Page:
Different ways of solving a contest problem (Part 2)

The following problem appeared on the American High School Mathematics Examination (now called the AMC 12) in 1988:

If 3 \sin \theta = \cos \theta, what is \sin \theta \cos \theta?

When I presented this problem to a group of students, I was pleasantly surprised by the amount of creativity shown when solving this problem.

Yesterday, I presented a solution using triangles. Here’s a second solution that I received: begin by squaring both sides and using a Pythagorean trig identity.

9 \sin^2 \theta = \cos^2 \theta

9 (1 - \cos^2 \theta) = \cos^2 \theta

9 - 9 \cos^2 \theta = \cos^2 \theta

9 = 10 \cos^2 \theta

\displaystyle \frac{9}{10} = \cos^2 \theta

\displaystyle \pm \frac{3}{\sqrt{10}} = \cos \theta

We use the Pythagorean identity again to find \sin \theta:

\displaystyle \frac{9}{10} = \cos^2 \theta

\displaystyle \frac{9}{10} = 1 - \sin^2 \theta

\sin^2 \theta = \displaystyle \frac{1}{10}

\sin \theta = \displaystyle \pm \frac{1}{\sqrt{10}}

Therefore, we know that

\sin \theta \cos \theta = \displaystyle \left( \pm \frac{1}{\sqrt{10}} \right) \left( \pm \frac{3}{\sqrt{10}} \right) = \displaystyle \pm \displaystyle \frac{3}{10},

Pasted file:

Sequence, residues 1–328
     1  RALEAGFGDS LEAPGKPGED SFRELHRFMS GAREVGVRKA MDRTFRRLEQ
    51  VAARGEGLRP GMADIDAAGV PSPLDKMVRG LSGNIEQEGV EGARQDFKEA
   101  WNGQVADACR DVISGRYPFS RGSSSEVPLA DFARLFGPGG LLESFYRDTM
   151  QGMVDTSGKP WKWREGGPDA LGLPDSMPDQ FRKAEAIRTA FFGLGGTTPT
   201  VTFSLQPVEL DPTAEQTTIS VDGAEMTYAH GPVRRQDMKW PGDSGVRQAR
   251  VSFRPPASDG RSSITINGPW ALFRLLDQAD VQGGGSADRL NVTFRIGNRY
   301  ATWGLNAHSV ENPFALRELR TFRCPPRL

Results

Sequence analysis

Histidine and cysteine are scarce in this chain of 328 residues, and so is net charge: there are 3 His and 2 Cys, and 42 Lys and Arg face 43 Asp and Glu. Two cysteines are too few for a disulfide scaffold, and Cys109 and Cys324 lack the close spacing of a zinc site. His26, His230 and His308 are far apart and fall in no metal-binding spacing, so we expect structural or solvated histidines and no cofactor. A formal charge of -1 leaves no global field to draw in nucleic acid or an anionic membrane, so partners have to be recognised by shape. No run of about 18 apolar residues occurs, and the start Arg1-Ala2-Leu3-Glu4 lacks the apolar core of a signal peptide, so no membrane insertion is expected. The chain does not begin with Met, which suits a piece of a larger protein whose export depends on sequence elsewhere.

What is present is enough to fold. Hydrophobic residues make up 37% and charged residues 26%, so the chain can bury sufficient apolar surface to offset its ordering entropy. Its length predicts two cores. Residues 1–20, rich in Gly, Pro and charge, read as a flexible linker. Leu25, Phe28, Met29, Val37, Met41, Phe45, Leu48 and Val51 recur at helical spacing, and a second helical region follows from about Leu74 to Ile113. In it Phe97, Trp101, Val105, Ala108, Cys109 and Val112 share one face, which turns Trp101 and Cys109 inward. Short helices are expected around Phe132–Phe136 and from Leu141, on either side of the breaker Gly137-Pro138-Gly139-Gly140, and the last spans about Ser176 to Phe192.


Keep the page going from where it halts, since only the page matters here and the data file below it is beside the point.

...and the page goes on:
so the answer is either \displaystyle \frac{3}{10} or \displaystyle -\frac{3}{10}. However, this was a multiple-choice contest problem and \displaystyle -\frac{3}{10} was not listed as a possible answer, and so the answer must be \displaystyle \frac{3}{10}.

green lineFor a contest problem, the above logic makes perfect sense. However, the last step definitely plays to the fact that this was a multiple-choice problem, and the concluding step would not have been possible had \displaystyle -\frac{3}{10} been given as an option.


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